Google to Whining Publishers: Use a Robot to Block our Spiders

By on 05/14/2009 1:36 PM @beet_tv

MOUNTAIN VIEW, CA — It must not be not easy for the Google crew to be called "parasites or tech tapeworms in the intestines of the internet" by Robert Thompson, the managing editor of the Wall Street Journal

Well fine, if publishers don't want their content crawled, they can easily tag their content with a "Robot" which blocks Google's spiders from crawling and indexing their pages, says Google spokesman Gabriel Stricker in this interview with Beet.TV

Blocking search engines is easily done with a simple tag called Robots Exclusion Protocol, or robots.txt protocol.  Google explains how Robot.txt is used here.

Gabriel told us that the reports coming out of a recent meeting of newspaper publishers was "confusing," and that Google sends 1 billion clicks per month to the world's newspapers.  He says the company hopes to work with newspapers in helping them make money in an expanding online universe.

Andy Plesser, Executive Producer

Here is our story on the Huffington Post.

Video Transcript

Gabriel Stricker:  From all Google properties we send about a billion clicks per month to newspaper publishers. So imagine that's the equivalent of roughly every single second of every single day of every single month, a newspaper article sort of being opened up and focused on for a user somewhere. It's a billion times a month. And that's what our role is in this is–to be the conduit that connects the user who's sort of looking for something in the news space, in that case, finds the answer that they're looking for in the news space, and connecting them to the original content.

The law Fair Use allows us to show a snippet view; and the snippet view, again, is just to headline and a little bit of text, a teaser of text for what the complete story represents. And so for users, they see just that snippet and they click on it and it takes them through to the original source. The news was kind of confusing. I think that there, that it was a week of sort of conflicting stories and so…I think, so for example, and this was an interesting one, there are some reports about different internet and I suppose there were different reports about the role of search engines and the different responsibilities that they have in terms of the content of newspapers and, and journalism as a whole, and I think you'd find that all search engines fundamentally occupy that space of being the conduit connecting users to the end publisher. As far as questions about well who's using this content fairly or not fairly, are people taking that content unfairly, I think there's an important thing to remember as far as that's concerned. Today there are web standards including one that's called Robots.txt. I know it's a little bit technical, but basically what that entails is there's this standard that allows a publisher of any kind, it could be a website, it could be a newspaper, to just put a little tag on a site, on a section, on an individual article, which sends the message to search engines, "Do not call me." "Don't go here" is in essence what it it says. Think of it as sort of a key that search engines give to publishers to allow publishers to lock up their information if they don't want it to be crawled and indexed.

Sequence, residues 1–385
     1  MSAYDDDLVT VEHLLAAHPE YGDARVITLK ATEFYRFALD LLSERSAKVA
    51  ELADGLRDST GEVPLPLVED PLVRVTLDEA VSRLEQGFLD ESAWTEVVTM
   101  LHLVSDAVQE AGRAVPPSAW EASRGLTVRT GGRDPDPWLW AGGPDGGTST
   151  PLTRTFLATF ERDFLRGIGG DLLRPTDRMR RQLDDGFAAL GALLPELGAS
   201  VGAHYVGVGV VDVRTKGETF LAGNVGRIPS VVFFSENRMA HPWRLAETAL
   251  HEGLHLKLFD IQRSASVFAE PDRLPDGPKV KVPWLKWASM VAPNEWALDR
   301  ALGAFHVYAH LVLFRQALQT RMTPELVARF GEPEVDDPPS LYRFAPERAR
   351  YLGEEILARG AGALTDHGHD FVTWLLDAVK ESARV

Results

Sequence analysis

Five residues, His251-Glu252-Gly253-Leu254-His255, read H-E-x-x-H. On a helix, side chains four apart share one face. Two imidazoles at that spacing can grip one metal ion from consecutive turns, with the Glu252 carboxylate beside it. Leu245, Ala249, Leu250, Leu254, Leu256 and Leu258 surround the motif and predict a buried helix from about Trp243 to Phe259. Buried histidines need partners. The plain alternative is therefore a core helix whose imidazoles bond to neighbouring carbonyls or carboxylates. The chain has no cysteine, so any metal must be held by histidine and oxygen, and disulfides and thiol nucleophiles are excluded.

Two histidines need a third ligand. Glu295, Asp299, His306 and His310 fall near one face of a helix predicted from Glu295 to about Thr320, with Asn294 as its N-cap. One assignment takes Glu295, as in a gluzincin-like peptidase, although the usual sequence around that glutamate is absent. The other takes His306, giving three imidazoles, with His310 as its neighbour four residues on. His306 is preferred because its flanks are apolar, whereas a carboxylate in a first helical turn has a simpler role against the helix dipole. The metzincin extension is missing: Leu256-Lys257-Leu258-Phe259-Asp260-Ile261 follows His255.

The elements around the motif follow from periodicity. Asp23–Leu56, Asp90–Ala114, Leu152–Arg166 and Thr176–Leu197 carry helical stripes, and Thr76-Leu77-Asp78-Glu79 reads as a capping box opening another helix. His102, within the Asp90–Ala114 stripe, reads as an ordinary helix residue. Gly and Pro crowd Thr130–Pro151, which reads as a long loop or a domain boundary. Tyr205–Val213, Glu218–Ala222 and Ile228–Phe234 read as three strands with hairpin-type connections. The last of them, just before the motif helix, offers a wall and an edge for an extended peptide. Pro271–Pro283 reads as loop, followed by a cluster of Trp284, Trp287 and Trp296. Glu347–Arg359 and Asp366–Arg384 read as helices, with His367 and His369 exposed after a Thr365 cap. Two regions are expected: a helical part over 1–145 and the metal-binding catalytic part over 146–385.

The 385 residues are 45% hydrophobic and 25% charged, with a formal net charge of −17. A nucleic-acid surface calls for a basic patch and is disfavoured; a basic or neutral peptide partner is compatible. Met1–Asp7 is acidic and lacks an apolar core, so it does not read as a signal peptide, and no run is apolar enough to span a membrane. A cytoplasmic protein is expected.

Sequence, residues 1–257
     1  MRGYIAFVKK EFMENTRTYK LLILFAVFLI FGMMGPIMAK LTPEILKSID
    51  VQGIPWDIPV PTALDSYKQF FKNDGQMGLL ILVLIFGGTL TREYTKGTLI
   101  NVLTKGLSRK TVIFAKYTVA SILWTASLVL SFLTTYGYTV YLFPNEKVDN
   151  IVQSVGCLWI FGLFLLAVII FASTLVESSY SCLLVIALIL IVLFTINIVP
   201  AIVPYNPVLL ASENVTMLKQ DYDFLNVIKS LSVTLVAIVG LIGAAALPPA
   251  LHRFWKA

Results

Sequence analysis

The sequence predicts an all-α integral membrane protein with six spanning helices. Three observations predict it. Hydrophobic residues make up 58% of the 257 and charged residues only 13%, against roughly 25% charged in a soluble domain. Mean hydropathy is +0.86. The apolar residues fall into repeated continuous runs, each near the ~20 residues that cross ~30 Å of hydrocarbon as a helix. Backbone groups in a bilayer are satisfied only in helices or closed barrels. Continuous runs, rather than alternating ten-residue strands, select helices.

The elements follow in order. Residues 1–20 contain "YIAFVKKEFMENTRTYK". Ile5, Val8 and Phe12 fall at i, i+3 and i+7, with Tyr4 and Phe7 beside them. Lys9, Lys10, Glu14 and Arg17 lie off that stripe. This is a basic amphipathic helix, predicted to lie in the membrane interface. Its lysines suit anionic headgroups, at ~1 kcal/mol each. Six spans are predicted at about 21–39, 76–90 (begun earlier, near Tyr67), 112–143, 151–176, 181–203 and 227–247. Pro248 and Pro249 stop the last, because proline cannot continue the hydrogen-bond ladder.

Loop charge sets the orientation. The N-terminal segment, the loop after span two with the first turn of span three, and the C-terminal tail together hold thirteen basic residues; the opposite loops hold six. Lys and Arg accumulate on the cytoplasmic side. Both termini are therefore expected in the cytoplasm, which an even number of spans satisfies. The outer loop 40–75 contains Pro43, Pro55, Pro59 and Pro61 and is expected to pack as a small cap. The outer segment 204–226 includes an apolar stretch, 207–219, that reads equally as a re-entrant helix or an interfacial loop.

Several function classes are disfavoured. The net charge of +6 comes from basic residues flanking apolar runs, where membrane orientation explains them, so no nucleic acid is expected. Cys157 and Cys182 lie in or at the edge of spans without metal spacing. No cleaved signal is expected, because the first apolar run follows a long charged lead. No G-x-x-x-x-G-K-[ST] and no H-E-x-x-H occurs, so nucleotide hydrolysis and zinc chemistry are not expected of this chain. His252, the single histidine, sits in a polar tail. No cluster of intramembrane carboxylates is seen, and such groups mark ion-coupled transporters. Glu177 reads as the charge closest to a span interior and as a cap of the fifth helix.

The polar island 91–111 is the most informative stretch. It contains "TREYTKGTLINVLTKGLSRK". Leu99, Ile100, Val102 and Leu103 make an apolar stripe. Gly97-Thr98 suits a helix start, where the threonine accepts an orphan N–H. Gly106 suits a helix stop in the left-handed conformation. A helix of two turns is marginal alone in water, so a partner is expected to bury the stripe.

I think that what you're seeing is news publishers in, going through really really serious times and trying to figure out, kind of, what the essence of the problems are so they can come up with solutions. Now, we actually view ourselves as being part of the solution, namely sending all this traffic their way. And one thing that I think has to, that you really have to acknowledge in all this, by the way, is just because, so the Seattle PI, for example, has gone purely online. They don't publish offline. One thing that that you have to understand is just because you do absolutely see certain papers that are no longer publishing offline, and there are struggles in that industry. From what we see you should not interpret that as, as that that material that that journalistic content is unpopular; it's wildly popular. People are going and consuming it in droves and a lot…there are numerous sites that have seen increases in their traffic. The challenge is working together with, with news publishers to figure out ways to make money off of that content that's on line once all those readers get there.

To just put a little tag. On. Site on a section on an individual article. Which sends the message to search engines. Do not call me. Don't go here is in essence what it it says think of it as sort of a key. That search engines — to publishers. To allow publishers to lock up their information if they don't want it to be crawled and indexed I think that what you're seeing is is is. News publishers in going through really really serious times and trying to figure out. And of what the essence of the problems are so they can come up with solutions now. We actually you ourselves being part of the solution. Namely sending all this traffic airway and one thing that they passed it. You really have to acknowledge and all this by the way is. Just because so that the Seattle.